Rowan, Salisbury leaders meeting to discuss reading education
By Jessie Burchette
The Rowan County Board of Commissioners and the Salisbury City Council will meet Monday to focus on how the boards can help children learn to read at an early age.
The special meeting at 3 p.m. at the Cohen Administrative Offices Building will also include the Rowan-Salisbury Board of Education.
Carl Ford, chairman of the county board, said the focus won’t be on money, but on working to find volunteers who can help with summer and year-round programs.
During a joint meeting of the council and county commissioners several weeks ago, Councilman Bill Burgin raised the issue of children not being able to read. His concern came from a presentation council heard at its retreat in February.
Dr. Suzanne W. Morse, a civic researcher from Charlottesville, Va., gave Salisbury high marks in areas such as the arts, health care and cost of living.
But she sounded a strong warning about low reading and math scores among students in Salisbury elementary schools.
The percentage of third-grade students not reading at grade level is usually a good prediction of high school dropout rates later, she said.
Salisbury also has a poverty level exceeding the national average and a high property and violent crime index, Morse said.
Speaking at a Salisbury City Council retreat session and later at a city-sponsored luncheon, Morse said the Salisbury community must mobilize to prepare students for the 21st Century.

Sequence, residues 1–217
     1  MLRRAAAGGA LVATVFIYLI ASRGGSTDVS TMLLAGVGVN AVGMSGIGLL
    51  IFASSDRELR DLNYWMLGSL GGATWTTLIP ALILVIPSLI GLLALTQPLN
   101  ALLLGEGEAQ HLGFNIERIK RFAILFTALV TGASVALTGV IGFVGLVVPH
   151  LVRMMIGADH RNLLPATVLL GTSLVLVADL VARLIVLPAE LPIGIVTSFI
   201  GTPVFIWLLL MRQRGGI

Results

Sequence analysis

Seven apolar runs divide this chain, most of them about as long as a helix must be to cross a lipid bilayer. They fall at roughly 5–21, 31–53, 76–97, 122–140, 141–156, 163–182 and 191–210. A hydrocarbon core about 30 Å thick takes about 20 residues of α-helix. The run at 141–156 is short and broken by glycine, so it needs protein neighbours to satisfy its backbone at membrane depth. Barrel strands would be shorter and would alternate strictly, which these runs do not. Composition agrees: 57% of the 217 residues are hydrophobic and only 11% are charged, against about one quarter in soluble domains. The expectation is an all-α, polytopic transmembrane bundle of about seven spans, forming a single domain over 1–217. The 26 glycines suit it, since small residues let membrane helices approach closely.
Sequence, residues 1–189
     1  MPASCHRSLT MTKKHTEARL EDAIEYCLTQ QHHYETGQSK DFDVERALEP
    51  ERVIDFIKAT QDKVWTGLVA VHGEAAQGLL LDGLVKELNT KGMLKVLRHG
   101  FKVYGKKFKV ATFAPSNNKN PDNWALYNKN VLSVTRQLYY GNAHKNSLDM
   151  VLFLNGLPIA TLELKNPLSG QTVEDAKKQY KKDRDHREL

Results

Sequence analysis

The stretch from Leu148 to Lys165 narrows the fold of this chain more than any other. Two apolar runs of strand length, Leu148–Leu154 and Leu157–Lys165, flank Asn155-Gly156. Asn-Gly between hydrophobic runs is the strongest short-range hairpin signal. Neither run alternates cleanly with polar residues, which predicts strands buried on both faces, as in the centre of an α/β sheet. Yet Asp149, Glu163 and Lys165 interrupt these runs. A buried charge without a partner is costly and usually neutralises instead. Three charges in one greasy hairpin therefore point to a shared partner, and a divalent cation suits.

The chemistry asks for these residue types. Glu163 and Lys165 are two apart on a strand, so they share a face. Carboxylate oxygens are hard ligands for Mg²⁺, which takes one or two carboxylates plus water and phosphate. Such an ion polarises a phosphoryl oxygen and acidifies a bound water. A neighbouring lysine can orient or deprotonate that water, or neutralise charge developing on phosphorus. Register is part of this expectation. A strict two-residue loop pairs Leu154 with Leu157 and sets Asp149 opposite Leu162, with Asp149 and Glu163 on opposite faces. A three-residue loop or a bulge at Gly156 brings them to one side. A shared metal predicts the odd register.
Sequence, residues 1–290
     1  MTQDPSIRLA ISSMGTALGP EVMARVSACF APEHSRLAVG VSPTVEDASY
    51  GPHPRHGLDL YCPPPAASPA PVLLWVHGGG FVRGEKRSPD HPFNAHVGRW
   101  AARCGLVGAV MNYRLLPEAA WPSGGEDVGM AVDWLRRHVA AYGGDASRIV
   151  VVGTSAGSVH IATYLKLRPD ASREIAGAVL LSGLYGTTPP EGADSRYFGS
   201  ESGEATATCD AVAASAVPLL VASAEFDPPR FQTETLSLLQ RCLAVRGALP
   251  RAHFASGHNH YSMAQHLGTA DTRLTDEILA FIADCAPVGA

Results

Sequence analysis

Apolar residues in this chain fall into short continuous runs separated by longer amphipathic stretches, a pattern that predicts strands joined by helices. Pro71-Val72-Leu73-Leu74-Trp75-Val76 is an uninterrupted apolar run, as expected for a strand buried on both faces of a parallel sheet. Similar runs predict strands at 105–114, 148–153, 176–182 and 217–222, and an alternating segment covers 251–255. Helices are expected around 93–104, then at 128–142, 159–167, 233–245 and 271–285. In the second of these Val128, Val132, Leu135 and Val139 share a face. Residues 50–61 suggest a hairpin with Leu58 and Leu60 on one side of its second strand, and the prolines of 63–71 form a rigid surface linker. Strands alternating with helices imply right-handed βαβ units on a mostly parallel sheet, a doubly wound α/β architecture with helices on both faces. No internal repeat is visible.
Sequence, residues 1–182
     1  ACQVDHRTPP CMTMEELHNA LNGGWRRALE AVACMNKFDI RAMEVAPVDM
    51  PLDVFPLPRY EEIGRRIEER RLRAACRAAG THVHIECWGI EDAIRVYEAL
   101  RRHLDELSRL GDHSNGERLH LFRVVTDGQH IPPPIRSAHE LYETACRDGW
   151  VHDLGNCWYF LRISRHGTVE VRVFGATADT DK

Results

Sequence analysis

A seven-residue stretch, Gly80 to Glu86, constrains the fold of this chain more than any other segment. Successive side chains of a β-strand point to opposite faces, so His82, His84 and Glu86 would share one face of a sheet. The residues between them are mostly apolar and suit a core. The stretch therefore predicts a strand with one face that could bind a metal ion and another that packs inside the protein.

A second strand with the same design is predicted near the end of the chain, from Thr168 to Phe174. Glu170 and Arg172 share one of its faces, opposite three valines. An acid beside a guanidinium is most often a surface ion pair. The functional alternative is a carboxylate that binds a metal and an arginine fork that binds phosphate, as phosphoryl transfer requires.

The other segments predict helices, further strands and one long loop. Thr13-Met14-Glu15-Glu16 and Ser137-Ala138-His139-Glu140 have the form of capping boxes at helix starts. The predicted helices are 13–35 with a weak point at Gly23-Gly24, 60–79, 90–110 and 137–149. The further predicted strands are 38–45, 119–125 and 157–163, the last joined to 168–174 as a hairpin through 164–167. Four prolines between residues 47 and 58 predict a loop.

Morse, president of the Pew Partnership for Civic Change and author of the book “Smart Communities,” said low test scores among young students are not really a school problem but a community issue that has come to school.
She said smart communities find ways to address the problem outside of the classroom, such as a summer reading academy set up in Richmond, Va., to offer intensive summer training for third-graders who weren’t reading at grade level.
Ford said the council and commissioners agreed to work to do something to help.
County and city leaders have met with school system Superintendent Dr. Judy Grissom to come up with ideas about how the county and city can help.
Ford said although the focus of the meeting will be on bolstering reading, some other items of business may also be discussed.
The three boards will meet at 3 p.m. Monday in the second floor meeting room of the Cohen Administrative Offices Building.
Post staff writer Mark Wineka contributed to this article.